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Actress Zoe Kazan on her new movie 'She Said'

MARY LOUISE KELLY, HOST:

By now, you know the story of Harvey Weinstein.

(SOUNDBITE OF MONTAGE)

AMY ROBACH: Allegations by numerous women who say the Hollywood mogul sexually harassed them.

UNIDENTIFIED REPORTER #1: Harvey Weinstein, a man used to walking red carpets, now in handcuffs, doing a perp walk.

UNIDENTIFIED REPORTER #2: Welcome to ABC News Live. We have breaking news for you. Harvey Weinstein is heading to prison. Judge James Burke in New York City just delivered the sentence - 23 years.

KELLY: The story you may be less familiar with is how Weinstein, one of the most powerful men in Hollywood, was protected for many years by many people and how he was ultimately brought down by women he had targeted and by journalists who persuaded those women to come forward and share their accounts. That story of two New York Times reporters is at the heart of the movie "She Said." Zoe Kazan plays Times reporter Jodi Kantor, who, along with Megan Twohey, won a Pulitzer Prize for their work. Zoe Kazan, welcome to ALL THINGS CONSIDERED.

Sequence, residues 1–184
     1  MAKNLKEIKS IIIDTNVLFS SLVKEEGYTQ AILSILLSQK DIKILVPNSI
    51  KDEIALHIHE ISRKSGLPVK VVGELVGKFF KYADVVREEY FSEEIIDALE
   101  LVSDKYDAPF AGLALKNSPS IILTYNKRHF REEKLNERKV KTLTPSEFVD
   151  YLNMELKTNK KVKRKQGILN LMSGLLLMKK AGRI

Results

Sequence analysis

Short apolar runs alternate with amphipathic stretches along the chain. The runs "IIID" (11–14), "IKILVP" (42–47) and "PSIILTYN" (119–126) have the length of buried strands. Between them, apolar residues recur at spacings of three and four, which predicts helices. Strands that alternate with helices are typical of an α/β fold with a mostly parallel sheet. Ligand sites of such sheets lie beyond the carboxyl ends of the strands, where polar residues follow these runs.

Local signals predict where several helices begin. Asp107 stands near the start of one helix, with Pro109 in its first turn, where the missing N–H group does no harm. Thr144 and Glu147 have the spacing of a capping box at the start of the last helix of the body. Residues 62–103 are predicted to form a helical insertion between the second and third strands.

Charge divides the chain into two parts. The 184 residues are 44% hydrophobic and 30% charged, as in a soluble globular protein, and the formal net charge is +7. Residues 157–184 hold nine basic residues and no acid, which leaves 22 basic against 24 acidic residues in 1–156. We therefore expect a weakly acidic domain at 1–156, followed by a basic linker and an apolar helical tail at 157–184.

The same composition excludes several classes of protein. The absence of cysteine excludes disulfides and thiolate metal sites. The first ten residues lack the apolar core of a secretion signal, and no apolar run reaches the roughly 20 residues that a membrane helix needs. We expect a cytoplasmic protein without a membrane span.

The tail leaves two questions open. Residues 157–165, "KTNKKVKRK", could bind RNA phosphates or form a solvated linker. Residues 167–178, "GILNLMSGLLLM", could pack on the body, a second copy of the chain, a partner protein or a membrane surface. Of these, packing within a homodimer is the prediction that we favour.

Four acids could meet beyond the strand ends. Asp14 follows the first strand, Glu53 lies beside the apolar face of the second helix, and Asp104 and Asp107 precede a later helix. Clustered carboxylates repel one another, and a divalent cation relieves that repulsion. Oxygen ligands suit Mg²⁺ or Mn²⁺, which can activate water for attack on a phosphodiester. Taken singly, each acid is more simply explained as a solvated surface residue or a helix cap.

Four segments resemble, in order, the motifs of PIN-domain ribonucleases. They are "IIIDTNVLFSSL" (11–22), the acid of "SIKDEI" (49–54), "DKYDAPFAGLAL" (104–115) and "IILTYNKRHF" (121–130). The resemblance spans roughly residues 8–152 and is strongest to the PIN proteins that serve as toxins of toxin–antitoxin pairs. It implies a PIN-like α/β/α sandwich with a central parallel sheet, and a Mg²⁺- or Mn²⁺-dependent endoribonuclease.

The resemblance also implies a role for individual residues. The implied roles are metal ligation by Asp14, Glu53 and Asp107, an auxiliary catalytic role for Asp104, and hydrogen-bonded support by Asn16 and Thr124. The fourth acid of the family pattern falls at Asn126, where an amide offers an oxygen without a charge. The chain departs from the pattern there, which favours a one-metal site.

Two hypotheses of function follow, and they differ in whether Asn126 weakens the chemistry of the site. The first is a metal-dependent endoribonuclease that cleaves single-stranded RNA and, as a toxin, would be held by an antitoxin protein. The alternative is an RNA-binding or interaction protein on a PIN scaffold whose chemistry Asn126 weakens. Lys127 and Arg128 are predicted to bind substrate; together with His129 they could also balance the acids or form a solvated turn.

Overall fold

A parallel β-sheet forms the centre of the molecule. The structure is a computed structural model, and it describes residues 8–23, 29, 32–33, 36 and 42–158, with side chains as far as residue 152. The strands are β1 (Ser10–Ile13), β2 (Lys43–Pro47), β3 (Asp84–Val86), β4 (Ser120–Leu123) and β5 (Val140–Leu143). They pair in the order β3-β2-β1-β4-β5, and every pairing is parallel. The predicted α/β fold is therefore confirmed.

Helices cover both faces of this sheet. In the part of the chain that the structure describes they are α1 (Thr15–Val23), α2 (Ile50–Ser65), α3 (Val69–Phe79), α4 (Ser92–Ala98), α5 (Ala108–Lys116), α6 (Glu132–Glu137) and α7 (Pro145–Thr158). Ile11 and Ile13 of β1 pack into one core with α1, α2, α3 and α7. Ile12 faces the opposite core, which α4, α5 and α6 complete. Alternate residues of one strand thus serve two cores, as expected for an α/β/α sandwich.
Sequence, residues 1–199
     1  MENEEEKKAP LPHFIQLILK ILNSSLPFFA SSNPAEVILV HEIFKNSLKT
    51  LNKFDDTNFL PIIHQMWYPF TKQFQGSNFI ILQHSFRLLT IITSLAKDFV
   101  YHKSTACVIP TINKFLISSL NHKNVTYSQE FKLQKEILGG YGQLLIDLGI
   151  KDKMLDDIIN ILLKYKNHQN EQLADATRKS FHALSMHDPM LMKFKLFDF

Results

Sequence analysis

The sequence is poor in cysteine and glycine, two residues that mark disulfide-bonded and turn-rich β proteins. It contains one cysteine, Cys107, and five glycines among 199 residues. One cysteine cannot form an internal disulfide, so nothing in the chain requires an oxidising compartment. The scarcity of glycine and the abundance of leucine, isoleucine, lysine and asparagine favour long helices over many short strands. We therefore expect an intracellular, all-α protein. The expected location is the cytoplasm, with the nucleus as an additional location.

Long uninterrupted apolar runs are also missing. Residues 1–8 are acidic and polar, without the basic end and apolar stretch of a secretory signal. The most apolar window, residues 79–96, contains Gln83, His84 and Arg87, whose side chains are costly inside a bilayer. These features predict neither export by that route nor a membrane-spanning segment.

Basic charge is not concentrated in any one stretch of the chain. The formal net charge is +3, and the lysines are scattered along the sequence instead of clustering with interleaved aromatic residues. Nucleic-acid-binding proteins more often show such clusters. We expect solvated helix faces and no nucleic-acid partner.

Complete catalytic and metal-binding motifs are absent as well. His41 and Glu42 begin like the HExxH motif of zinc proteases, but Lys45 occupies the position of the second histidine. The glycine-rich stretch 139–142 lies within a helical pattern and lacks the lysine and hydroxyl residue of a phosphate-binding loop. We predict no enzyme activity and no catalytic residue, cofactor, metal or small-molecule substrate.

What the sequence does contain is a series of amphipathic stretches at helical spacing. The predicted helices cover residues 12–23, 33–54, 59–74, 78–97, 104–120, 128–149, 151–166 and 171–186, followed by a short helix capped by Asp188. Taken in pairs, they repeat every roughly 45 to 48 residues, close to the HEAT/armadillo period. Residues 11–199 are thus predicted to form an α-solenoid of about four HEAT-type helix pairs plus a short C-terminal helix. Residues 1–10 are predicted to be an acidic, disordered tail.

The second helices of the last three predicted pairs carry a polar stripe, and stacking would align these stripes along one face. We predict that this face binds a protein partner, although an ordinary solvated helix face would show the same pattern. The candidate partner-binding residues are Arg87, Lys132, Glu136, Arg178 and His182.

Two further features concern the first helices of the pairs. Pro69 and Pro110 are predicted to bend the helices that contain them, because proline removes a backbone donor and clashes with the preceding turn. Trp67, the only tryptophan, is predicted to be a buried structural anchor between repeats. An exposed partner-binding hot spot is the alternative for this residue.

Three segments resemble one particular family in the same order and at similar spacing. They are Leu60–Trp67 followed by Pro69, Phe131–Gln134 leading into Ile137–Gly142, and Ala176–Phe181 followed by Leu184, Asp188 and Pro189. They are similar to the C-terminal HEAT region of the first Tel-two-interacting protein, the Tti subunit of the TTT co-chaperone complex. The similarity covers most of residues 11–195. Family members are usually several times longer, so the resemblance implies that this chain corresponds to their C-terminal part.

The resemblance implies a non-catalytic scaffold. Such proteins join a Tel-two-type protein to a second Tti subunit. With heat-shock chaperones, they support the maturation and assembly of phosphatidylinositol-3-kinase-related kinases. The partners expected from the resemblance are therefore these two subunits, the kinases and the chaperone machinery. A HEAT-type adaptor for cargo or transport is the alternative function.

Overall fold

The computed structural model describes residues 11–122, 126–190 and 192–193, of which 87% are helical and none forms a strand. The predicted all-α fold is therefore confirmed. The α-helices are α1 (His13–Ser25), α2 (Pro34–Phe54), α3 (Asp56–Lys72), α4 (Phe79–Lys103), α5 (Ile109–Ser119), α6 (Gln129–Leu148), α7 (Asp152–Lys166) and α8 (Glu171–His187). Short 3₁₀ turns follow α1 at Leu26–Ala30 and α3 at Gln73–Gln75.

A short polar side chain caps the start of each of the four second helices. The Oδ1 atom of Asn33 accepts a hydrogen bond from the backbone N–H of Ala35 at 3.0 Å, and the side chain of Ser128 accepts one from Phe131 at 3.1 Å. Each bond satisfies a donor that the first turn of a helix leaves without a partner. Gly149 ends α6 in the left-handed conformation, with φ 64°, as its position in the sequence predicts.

ZOE KAZAN: Thank you. Thanks so much for having me.

KELLY: OK. So talk to me about how you went about preparing for this role, preparing to play a New York Times reporter.

KAZAN: Well, you know, it all starts with Jodi and Megan's book "She Said," which just details the reporting so carefully and in such detail that I didn't need to ask a lot of questions about that. But I spent a lot of time with Jodi sort of just trying to, like, absorb her essence. And I asked her a lot of the nosy questions that, you know, secretly I want to ask everyone. Like, a lot of actors, I'm just, like, insatiably curious about how people live. So, you know, who helps you with childcare? How does dinner get on the table when you and your husband, Ron, are both on stories? Like, and then, you know, really specific questions about how she is physically with her sources. Like, what do you wear into an interview with a source? Do you bring a recording device? When do you use a notebook? Why? You know, those kinds of things that are sort of ineffable.

KELLY: It struck me how many details of family life the film includes, including Megan Twohey's struggle with postpartum depression and coming back to work. There are scenes of you playing Jodi Kantor and trying to pack the lunch boxes while fielding key work calls. I mean, these are details fascinating to me as a working mom, not strictly necessary to conveying the story of Harvey Weinstein. Why was it important to include them?